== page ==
Leaders have the power now to re-balance accountability

Awaiting top-down reform of our top-down system is a missed opportunity to take control and show the full breadth of school improvement work

Awaiting top-down reform of our top-down system is a missed opportunity to take control and show the full breadth of school improvement work

30 Mar 2024, 5:00

There seems little doubt that accountability, and the role of Ofsted in particular, will feature in general election manifestos when they arrive. Until the election, it is hard to see what national reform and change will ultimately look like.

All of this could leave trust and school leaders feeling rather powerless and frustrated. Ofsted’s ‘Big Listen’ may help mitigate that and must surely be welcomed, but Forum Strategy have been arguing for some time for a broader discussion around accountability.

We need to untap greater system leadership and professional reflection on the purpose and nature of accountability more generally, taking our thinking beyond Ofsted and inspections and staying mindful of what is within leaders’ control, and what isn’t. There are two main reasons why this matters.

First, top-down accountability will always exist and there is some freedom to be had in accepting this point. Ofsted undoubtedly needs significant reform, but change will always depend on political will and decision makers. That is the nature of a national inspectorate. The same goes for the ESFA and the DfE’s regulatory oversight.

Second, some trust and school leaders have not yet fully realised the opportunity to shape a more formative, profound accountability culture that goes beyond these national discussions – at a local level, through what we describe as ‘pure accountability’. Doing so will create a more balanced accountability culture and reflects a growing onus placed upon directors across sectors to consider the interests of wider stakeholders and the organisation’s impact on communities and the environment.

In our recent ‘In Practice Guide’ for Forum Strategy members, we defined pure accountability as: “formative accountability at a local level, that puts the end user and the communities we serve in the driving seat of holding our organisations to account; empowering those we serve and work alongside to provide feedback and insights that contribute to the strategic direction, ongoing improvement and responsiveness of our organisations over time’.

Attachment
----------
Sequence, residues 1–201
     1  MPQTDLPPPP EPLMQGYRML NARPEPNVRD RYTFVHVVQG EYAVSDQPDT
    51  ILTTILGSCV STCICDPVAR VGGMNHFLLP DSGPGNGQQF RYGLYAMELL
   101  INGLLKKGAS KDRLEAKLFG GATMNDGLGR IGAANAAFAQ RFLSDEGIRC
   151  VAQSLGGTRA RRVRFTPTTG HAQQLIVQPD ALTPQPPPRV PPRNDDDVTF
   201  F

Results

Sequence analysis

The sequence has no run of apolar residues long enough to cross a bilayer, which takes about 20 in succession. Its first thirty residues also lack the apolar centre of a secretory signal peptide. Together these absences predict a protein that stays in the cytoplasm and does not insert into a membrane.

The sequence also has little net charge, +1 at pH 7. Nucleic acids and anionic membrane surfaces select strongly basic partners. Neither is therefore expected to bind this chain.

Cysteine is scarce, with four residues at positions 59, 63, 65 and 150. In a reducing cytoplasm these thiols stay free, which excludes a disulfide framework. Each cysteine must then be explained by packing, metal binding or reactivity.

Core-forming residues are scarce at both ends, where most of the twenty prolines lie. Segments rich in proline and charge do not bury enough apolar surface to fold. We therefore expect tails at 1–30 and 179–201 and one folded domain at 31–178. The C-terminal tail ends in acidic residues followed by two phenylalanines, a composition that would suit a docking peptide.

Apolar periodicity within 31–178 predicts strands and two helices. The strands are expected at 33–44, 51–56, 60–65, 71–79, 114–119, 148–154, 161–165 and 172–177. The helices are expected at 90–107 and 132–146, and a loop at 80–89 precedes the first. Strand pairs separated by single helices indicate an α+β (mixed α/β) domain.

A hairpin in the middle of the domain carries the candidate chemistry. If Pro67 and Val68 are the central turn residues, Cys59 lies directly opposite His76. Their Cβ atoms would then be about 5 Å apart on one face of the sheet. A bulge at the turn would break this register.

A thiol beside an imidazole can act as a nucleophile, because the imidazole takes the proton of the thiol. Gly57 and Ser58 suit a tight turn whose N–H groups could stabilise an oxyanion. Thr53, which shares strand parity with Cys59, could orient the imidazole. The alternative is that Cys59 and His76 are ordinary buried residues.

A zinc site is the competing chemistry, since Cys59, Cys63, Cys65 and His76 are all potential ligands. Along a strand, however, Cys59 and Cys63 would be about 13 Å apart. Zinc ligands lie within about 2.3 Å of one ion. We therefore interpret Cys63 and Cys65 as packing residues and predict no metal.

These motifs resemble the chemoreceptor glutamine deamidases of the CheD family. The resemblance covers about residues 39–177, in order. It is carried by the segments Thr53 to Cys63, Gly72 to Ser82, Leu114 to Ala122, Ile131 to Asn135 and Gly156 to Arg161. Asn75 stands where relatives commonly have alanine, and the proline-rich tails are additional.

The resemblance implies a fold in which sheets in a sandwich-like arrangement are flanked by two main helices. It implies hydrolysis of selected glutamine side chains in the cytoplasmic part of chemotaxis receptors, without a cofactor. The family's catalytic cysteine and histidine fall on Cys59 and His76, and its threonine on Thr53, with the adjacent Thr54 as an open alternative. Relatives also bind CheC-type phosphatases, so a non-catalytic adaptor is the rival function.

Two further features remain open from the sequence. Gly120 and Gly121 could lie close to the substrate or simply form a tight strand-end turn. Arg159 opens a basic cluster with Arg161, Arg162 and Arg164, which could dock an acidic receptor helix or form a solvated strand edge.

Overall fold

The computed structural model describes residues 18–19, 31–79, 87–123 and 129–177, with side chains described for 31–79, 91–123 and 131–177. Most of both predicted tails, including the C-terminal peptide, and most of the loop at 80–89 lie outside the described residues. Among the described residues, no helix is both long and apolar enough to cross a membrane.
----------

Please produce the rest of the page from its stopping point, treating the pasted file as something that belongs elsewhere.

This is challenging. Accountability already feels all-pervading

This is not an alternative to ‘top-down’ accountability from regulators and inspectorates, but a balance to it – a rich and well-informed source of intelligence and insight that can generate high-quality strategy, improvement and better partnerships over time. Ultimately, it’s a cultural nudge.

Pure accountability manifests in different forms, and some trusts are really moving forward on it. It could be a commitment to a regular cross-trust pupil survey, similar to or indeed aligned with the Children’s Society’s Good Childhood Report, which identifies pupils’ sense of life satisfaction, confidence and wellbeing.

Or it could be an annual staff satisfaction survey that identifies progress around mitigating workload and/or improving wellbeing. In each case, balancing qualitative and quantitative data and benchmarking across similar organisations as well as the wider economy can provide valuable direction for improvement activity.

Many such examples exist where trusts can benchmark themselves against key ’employer of choice’ metrics. It could be a commitment to publish carbon reduction ambitions and set interim targets across the next decade. Or the annual publication of measures such as staff absence, parental satisfaction or destination data for pupils five years after leaving the trust’s schools.

If pure accountability is to really work and generate trust and commitment, it should be formative in purpose, informing ongoing improvement work, not new forms of judgment or labels. It must, however, be board-led and sufficiently visible to end users so they can engage with it and determine progress.

Let’s be frank. This is challenging. Accountability already feels all-pervading for many. Adding more into the mix is bound to cause apprehension. But to resist it is to resign ourselves to an accountability that is only ever ‘done to’ the sector.

Instead, we can generate more formative, community-focused and locally-owned priorities and shape a different relationship with accountability. We can give stakeholders a sense of control, not least those who feel remote and disconnected from public institutions. And in the process, we can untap a treasure trove of real-time, place-based insights into the breadth of work involved in school improvement.

Simply awaiting national reform of our top-down accountability systems is to miss this potential. Boards and leaders have the power now to demonstrate what else is possible.

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